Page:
As anyone who takes up a new sport quickly discovers, even basic athletic moves require high levels of coordination and control. Whether dribbling a basketball or hitting a backhand, limbs must be synchronized and bodies balanced, all with precise timing. But no matter how diligently we watch the pros or practice ourselves, the body’s inner workings remain invisible.
The Hidden Mechanics of Exercise reveals the microworld of the human body in motion, from the motor proteins that produce force, to the signaling molecules that activate muscles, to the enzymes that extract energy from nutrients. Christopher Gillen describes how biomolecules such as myosin, collagen, hemoglobin, and creatine kinase power our athletic movements. During exercise, these molecules dynamically morph into different shapes, causing muscles, tendons, blood, and other tissues to perform their vital functions. Gillen explores a wide array of topics, from how genetic testing may soon help athletes train more effectively, to how physiological differences between women and men influence nutrition. The Hidden Mechanics of Exercise tackles questions athletes routinely ask. What should we ingest before and during a race? How does a hard workout trigger changes in our muscles? Why does exercise make us feel good?
Athletes need not become biologists to race in a triathlon or carve turns on a snowboard. But Gillen, who has run ten ultramarathons, points out that athletes wishing to improve their performance will profit from a deeper understanding of the body’s molecular mechanisms.
Gillen’s enjoyable account emphasizes the molecules and protein structures that allow us to move, run, jump, control fuel use, and regulate adaptations to exercise training… Refreshingly, Gillen approaches the subject from the system down rather than the molecule up. Throughout the book, he emphasizes how tiny changes in protein structures scale up to produce whole-body movements… Gillen offers exercise enthusiasts wishing to understand the science behind their training an interesting read. The book also serves as an engaging primer for exercise-science students who want to begin to understand some of the underlying molecular mechanisms. The Hidden Mechanics of Exercise introduces concepts that make the step to the specialized textbook or research article easier. At the same time, researchers studying the behavior of the individual molecules may find Gillen’s account enlightening in regard to the functional implications of their work at the whole-body level.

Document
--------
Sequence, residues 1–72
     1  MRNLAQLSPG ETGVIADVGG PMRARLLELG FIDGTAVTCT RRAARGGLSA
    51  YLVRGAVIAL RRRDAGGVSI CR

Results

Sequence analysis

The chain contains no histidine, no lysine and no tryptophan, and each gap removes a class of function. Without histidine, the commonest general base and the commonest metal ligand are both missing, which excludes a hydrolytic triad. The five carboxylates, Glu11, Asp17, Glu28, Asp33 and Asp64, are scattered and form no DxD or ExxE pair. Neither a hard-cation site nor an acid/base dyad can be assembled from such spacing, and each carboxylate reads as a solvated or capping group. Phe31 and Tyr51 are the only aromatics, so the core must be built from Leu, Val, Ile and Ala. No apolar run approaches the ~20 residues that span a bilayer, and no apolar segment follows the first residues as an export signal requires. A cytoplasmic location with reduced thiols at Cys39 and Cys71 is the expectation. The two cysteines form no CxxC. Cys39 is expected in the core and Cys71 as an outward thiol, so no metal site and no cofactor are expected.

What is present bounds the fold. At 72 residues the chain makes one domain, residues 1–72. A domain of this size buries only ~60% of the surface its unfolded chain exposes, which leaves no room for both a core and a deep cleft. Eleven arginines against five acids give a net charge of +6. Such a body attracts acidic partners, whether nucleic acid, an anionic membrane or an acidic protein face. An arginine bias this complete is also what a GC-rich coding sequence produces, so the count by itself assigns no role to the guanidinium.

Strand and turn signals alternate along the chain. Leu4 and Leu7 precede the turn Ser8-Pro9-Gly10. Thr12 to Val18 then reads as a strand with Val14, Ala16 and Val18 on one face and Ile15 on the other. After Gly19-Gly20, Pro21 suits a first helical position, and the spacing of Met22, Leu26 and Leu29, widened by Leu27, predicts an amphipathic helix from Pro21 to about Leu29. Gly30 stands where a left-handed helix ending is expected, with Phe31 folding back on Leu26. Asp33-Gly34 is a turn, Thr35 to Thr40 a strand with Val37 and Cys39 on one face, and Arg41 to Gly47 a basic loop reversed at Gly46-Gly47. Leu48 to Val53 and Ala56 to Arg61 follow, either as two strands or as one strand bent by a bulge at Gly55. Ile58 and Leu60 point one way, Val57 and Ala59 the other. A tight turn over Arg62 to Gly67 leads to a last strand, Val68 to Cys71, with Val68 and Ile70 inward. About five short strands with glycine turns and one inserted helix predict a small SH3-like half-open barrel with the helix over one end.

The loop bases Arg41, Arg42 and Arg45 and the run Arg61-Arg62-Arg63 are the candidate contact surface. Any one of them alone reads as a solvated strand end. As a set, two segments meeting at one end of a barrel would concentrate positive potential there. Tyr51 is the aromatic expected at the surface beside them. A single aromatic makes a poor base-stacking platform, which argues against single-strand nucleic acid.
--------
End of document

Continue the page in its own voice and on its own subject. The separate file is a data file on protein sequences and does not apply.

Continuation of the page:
Anyone who has an interest in how the body and mind works in a sporting context will not only gain an insight and much knowledge, but also enjoy the way that the message is put across.
To most of us, what happens deep inside our bodies when we exercise is a mysterious black box. This entertaining and illuminating book lucidly explains for nonspecialists the marvels of how molecules literally move a body. Gillen provides the ideal introduction to the physiology of exercise for anyone interested in how bodies work.
- 352 pages
- 5-1/2 x 8-1/4 inches
- Belknap Press
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